As is evident by comparing FIGS. 9 and 10, densified portions 19 and 21 include a plurality of vertically spaced fiber-free regions 40 which are generally lens-shaped in transverse cross section (FIG. 9) and which are elongated in the direction of the densified portions (FIG.10). The regions 40 are separated from one another by spaced fibrous strata 42 which are generally parallel with one another and with the opposite major faces of the batt 14, as can be best seen in FIG. 10. The strata 42 are of random or non-uniform length and merge together (and with the continuous densified layer 18) at longitudinally spaced locations 44 to completely enclose regions 40. As is also evident from FIGS. 9 and 10, regions 40 are of non-uniform cross-sectional dimension and length.
While it is not intended to be limited to any particular theory, it is believed that under certain selected moisture and pressure conditions (which may vary for different pulp fibers), as the batt dries subsequent to the embossing step, the hydrogen bonds which may have previously caused the lines to be cohesive or unitary begin to weaken due to the inherent recovery force of the fibrous mass, which cause the lins to separate as shown in FIGS. 9 and 10.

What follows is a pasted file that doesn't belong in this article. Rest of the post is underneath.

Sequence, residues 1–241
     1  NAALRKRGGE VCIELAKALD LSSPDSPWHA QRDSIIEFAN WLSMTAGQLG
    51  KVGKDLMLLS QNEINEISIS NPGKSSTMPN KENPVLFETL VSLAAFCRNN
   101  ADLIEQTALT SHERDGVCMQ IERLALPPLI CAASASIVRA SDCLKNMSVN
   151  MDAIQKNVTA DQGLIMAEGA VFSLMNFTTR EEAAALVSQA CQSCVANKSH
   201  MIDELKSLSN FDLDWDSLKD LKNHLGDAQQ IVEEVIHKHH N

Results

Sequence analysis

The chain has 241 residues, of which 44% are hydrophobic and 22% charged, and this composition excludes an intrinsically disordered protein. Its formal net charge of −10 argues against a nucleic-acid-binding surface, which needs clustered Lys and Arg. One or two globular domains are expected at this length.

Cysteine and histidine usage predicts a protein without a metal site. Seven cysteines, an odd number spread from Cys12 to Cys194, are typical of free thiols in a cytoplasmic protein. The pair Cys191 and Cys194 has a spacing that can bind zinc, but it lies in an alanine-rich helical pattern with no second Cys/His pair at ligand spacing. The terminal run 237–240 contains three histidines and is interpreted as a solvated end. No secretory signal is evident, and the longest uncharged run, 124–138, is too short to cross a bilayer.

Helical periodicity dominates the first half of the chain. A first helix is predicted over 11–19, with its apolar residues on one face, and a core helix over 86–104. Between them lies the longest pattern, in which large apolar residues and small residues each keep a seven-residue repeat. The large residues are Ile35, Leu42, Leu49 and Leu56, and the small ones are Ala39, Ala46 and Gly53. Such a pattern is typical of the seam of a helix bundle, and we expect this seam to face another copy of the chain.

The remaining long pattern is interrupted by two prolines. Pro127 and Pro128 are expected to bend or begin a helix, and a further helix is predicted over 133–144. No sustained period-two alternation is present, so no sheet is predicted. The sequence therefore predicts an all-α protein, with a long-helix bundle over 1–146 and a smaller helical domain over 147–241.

Batts such as known in FIGS. 9 and 10 may also be produced by mechanically working a product having coherent or unitary lines, as by subjecting the product to bending and/or twisting forces, which cause certain of the hydrogen bonds to rupture, thus producing a product having thickened lines with dense fibrous strata surrounding substantially fiber-free regions.
While each of the strata 42 may have a density that is greater than the fibrous regions 46 at opposite sides of the densified portions 19 and 21, the density of the strata 42 is not necessarily uniform and the strata in the mid-portion of the batt may be less dense than the strata outwardly thereof.